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  5. "You eat an apple and you dri…

"You eat an apple and you drink water."

Translation:Je eet een appel en je drinkt water.

November 6, 2014



The je and jij confuses me


Exactly, when must it be je, and when jij?


When there is emphasis, you should use jij en when there is not, you could use je.


What's the difference between using drink and drinkt? At first, I thought drinkt was drinks, rather than drink.


They are different conjugations of the verb drinken:

  • ik drink
  • jij/u drinkt (drink jij)
  • hij/zij/het drinkt
  • wij drinken
  • jullie drinken
  • zij drinken

Drinks doesn't exist in Dutch.


Drinks doesn't exist in Dutch... Really? Hummh.

I ponder. Hum


Should this be "je....en jij..." or "je...en je..." or "jij....en jij..."? Which sounds most natural? I suppose I'm also confused about je and jij!


That depends on the context. If you are pointing to person A with the apple and person B with the water, then jij…jij (so with emphasis). If it's about one person then it can be either jij…je or je…je, it depends if you want the emphasis on the person. It is odd/awkward to use jij more than once when referring to the same subject, because the emphasis has already been determined, so it's overkill to keep on emphasising the same subject. IT IS LIKE USING TOO MANY CAPS. ;)


Why is it drinkt not drink? I thought that drink means drink (eg. Je drink water, you drink water) and drinkt means drinks (eg. Hij drinkt melk, he drinks milk). Now I am very confused, what have I gotten wrong?


Nice job finding a pattern, but please don't try to map Dutch onto English. In Dutch, the verb used here is drinken, to drink. It conjugates based on who's doing it, similarly but not identically to English:
- ik drink
- jij drinkt
- hij drinkt
- wij drinken
- jullie drinken
- zij drinken
English used to have something similar to this:
- I drink
- thou drinkst
- he drinks
- we drink
- ye drink
- they drink


Don't forget that English also was originally he drinketh, until the southern -s won out.


No, the suffix -t is added to verb stem in singular form except for:

  • 1st person
  • question (invertion) for 2nd person.

As you can see most 2nd person singular sentences will have -t, just like in this sentence.


lmao im so confused. Im new to dutch, i hope duolingo will teach me when to use certain forms of words


Same... I ended up googling conjugations just to keep up.


Do we have to repeat "je" if the subject is the same?


Would you not be able to say Je eet een appel en drinkt water?


Your sentence is a valid Dutch sentence but is not a precise translation of the English we are given.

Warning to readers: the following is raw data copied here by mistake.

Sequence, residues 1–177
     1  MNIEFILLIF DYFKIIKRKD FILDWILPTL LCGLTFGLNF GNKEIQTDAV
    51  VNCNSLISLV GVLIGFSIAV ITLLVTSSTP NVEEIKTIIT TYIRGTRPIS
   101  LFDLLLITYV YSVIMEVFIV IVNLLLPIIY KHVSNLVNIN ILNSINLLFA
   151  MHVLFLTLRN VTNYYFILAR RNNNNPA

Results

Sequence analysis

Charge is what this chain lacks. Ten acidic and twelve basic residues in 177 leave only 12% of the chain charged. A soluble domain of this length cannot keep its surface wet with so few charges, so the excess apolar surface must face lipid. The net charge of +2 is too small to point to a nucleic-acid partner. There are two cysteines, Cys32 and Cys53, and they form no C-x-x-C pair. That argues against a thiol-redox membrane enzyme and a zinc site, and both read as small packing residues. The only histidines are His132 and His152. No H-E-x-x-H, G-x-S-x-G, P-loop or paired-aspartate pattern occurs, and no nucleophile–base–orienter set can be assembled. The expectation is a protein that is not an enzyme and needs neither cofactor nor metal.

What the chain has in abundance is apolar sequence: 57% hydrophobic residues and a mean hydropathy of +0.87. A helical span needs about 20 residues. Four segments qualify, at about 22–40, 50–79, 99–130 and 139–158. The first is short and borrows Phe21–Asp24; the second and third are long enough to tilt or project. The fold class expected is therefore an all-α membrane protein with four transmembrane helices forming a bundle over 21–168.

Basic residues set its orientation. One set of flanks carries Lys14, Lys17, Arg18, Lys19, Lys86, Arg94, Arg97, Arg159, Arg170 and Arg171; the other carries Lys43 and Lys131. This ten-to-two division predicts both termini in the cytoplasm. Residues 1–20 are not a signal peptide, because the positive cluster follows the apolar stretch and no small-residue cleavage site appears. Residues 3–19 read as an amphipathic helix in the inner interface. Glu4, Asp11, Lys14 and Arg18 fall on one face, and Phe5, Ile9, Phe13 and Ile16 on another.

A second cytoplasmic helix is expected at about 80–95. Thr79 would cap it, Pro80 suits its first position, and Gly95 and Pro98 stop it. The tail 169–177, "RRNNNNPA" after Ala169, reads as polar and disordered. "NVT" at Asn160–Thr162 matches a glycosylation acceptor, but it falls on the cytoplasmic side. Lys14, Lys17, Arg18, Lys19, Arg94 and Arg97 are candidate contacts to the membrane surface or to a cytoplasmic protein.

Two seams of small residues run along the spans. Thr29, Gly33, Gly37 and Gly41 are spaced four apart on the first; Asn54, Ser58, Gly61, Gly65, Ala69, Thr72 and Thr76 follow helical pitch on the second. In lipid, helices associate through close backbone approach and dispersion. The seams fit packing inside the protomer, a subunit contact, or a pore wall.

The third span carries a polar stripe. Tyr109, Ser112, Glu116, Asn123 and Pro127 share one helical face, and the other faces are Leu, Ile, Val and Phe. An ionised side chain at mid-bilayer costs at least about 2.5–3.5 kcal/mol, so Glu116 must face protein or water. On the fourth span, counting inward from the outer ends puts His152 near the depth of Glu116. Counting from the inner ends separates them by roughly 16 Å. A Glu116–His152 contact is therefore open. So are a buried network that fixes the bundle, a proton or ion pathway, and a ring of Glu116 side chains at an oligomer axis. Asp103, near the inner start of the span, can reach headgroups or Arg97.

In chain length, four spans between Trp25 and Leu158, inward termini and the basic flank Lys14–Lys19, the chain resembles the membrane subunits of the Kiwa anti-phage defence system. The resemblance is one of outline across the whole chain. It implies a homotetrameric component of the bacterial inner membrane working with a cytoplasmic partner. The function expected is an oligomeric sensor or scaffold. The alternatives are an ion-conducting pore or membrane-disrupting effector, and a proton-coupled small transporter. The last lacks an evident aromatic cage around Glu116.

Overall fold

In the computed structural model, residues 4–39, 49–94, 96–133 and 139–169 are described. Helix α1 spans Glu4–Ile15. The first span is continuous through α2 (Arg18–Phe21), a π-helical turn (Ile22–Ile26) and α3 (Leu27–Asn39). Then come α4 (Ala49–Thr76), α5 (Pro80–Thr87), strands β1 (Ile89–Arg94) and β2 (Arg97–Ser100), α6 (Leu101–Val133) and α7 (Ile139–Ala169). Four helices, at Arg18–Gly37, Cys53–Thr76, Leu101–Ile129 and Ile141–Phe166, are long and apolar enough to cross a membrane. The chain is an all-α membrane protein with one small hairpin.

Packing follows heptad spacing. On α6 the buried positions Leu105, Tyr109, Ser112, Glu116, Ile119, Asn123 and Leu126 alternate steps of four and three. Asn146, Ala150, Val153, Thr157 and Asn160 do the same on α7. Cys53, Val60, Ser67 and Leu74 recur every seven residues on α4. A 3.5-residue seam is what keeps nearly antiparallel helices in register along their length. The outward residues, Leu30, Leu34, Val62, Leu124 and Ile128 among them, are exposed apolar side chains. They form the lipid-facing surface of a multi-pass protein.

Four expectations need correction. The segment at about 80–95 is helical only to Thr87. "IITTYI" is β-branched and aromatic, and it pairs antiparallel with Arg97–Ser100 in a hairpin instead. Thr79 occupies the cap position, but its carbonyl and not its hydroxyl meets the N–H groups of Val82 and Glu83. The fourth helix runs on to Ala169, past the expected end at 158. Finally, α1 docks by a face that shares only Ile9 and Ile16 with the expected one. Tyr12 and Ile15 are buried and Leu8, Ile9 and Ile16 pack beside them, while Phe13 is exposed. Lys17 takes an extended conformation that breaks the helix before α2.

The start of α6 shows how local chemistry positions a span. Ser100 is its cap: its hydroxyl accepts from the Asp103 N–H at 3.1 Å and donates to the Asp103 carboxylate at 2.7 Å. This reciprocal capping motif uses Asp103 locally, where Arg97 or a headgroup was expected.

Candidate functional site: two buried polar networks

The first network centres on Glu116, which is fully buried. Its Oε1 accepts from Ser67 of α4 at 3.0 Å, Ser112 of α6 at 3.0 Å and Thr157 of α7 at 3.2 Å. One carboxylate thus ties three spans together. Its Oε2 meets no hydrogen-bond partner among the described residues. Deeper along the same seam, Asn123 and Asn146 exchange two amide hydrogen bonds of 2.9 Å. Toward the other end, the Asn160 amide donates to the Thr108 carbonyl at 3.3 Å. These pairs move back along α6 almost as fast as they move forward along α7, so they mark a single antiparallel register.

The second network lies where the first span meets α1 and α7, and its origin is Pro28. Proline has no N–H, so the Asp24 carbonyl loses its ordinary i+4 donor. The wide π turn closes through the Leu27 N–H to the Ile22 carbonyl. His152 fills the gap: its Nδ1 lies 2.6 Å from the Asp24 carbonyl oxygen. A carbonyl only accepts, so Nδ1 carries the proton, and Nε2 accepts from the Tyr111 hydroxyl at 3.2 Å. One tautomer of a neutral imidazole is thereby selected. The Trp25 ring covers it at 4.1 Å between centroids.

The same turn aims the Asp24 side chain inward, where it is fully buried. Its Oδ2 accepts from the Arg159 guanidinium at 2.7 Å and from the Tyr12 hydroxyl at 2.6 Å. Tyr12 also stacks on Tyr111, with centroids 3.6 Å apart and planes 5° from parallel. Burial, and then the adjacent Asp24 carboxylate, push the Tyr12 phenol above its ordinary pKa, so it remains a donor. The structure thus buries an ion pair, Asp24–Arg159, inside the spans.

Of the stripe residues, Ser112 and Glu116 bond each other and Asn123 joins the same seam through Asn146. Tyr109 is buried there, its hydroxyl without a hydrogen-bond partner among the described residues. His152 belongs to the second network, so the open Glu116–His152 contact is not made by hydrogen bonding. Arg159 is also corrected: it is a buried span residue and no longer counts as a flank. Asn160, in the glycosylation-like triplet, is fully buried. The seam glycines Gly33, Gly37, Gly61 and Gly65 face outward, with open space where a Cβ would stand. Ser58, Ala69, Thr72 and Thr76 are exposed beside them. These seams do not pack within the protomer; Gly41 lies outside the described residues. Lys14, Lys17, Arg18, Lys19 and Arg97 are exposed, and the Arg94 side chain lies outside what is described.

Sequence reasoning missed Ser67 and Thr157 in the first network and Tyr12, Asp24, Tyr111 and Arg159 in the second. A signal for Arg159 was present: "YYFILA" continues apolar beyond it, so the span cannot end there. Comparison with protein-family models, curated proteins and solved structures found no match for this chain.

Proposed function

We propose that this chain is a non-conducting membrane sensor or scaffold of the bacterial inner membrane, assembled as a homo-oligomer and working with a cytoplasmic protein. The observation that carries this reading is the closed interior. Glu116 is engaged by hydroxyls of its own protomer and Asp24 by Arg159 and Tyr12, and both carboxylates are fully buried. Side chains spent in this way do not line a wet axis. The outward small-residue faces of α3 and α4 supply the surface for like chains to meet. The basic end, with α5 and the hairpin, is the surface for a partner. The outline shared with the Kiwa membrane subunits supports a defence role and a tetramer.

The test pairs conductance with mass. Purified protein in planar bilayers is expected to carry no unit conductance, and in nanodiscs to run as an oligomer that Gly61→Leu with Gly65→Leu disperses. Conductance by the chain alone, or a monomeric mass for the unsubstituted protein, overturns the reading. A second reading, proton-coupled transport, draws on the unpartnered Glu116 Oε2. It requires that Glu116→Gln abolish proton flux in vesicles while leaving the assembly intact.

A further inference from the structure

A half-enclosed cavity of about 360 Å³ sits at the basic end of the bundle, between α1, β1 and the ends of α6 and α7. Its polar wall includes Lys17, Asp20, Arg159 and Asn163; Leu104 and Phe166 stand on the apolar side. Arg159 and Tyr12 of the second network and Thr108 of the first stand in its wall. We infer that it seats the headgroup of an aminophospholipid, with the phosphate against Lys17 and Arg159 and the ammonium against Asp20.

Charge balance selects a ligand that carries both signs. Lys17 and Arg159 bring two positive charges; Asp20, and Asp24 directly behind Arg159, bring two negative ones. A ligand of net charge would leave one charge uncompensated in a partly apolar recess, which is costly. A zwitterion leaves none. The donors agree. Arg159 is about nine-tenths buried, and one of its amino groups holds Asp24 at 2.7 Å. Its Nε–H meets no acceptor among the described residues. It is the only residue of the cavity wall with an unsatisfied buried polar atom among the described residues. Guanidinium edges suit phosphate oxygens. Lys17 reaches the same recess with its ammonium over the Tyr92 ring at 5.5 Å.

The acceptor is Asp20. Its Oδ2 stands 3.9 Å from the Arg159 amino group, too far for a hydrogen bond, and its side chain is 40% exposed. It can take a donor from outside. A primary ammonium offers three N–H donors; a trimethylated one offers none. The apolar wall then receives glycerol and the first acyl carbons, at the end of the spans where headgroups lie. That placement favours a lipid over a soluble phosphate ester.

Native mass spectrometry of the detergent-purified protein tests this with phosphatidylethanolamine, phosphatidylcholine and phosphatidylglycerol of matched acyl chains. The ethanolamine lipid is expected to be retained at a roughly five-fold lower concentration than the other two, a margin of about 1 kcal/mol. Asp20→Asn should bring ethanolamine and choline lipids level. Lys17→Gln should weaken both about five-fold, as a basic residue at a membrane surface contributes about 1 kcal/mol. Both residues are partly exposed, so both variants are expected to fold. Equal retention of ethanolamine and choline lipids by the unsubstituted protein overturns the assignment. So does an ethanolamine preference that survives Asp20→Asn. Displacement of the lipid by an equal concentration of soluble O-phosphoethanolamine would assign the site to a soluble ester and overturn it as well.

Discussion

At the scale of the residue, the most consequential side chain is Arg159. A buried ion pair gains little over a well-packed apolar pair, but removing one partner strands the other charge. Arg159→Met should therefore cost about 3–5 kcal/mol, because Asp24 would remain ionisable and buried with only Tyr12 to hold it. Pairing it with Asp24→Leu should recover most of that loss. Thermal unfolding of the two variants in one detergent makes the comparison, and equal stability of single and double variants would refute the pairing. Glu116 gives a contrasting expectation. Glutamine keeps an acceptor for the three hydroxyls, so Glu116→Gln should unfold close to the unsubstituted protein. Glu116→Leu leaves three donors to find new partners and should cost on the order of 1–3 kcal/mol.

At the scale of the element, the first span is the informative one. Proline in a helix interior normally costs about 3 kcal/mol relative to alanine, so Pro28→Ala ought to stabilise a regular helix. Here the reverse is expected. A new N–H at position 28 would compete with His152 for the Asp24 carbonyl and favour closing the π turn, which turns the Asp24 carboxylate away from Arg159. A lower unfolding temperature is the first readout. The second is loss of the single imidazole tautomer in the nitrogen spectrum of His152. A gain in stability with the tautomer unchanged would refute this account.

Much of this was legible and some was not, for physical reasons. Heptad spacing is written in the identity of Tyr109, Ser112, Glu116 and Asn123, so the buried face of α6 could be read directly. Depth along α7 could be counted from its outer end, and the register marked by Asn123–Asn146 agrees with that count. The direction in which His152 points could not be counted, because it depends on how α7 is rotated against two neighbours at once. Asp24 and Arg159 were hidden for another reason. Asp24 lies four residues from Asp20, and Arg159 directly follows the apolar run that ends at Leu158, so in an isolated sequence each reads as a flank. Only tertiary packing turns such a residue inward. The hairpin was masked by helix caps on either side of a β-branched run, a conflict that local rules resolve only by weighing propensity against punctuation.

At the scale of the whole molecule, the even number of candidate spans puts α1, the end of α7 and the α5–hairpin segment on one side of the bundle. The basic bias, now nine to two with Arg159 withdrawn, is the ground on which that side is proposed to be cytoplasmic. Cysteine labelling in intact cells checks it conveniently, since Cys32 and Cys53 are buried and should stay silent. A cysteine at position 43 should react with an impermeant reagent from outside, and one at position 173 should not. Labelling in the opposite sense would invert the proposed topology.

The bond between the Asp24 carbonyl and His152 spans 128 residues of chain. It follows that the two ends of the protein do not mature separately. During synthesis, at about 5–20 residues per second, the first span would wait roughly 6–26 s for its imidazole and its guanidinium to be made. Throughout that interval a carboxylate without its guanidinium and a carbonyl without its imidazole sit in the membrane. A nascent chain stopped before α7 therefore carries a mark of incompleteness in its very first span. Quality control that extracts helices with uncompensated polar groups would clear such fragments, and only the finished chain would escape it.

Why is there different words for one word (you)


Well, as I understand it there are 4 different words for you in Dutch: Je - singular you unstressed Jij - singluar you stressed U - singular you, formal Jullie - plural you To be more specific - Je is a typical usage in a normal conversation (most typical situation). Jij is used to emphasise the role of a person. U is used in official speech (it's like a bit like adding Sir in English) As I'm still more than newbie to the language, please someone verify this..


One important difference between Dutch and English is that Dutch uses different words for you (singular) and you (plural).

In other words, if you are talking to more than one person, you address them as you (plural).

English also used to do this: It had "thou" for singular and "you" for plural. But eventually "you" came to be used for both singular and plural.

[deactivated user]

    why drinkt not drink ? what did i do wrong


    2nd person is a bit tricky. The verb after a subject has the -t ending (like 3rd person) but the verb before a subject (mostly in questions) doesn't have it (like 1st person).


    Wait i thought "drinkt" was used when talking about yourself???? like " Ik drinkt water" ????? can someone clarify this for me pls


    ik drink
    je drinkt
    hij drinkt

    we drinken
    jullie drinken
    ze drinken

    The infinitive form is "drinken". That is also the form used for all three persons in the plural.

    Remove the -en from the infinitive, and you get the first person (ik) form: drinken - en = drink.

    A great many Dutch verbs (but not all) follow the above pattern.


    It's Ik drink.


    What was your complete sentence?


    I am a native flemish speaker and there is no difference between je and jij!

    Er is geen verschil tussen jij en je, je eet appels of jij eet appels kan perfect.


    I drink, you drinkt, he or she drinkt, we drinken, you plural drinken and they drinken


    What is wrong with "Jullie eten de appel en jullie drinken water" ?


    Your proposed sentence has "de appel". That is wrong, It must be "een appel", because the English sentence we are given says "an apple", not "the apple".


    What is the differences between drink and drinkt??? I'm confused with this one


    Your question has already been answered on this very page. See the comments from Suzande. Still confused?


    Is there a difference in pronuciation between en and een?


    Yes, though when people speak quickly it may be hard to distinguish for someone who is not used to Dutch.



    Thanks! Great website by the way

    Learn Dutch in just 5 minutes a day. For free.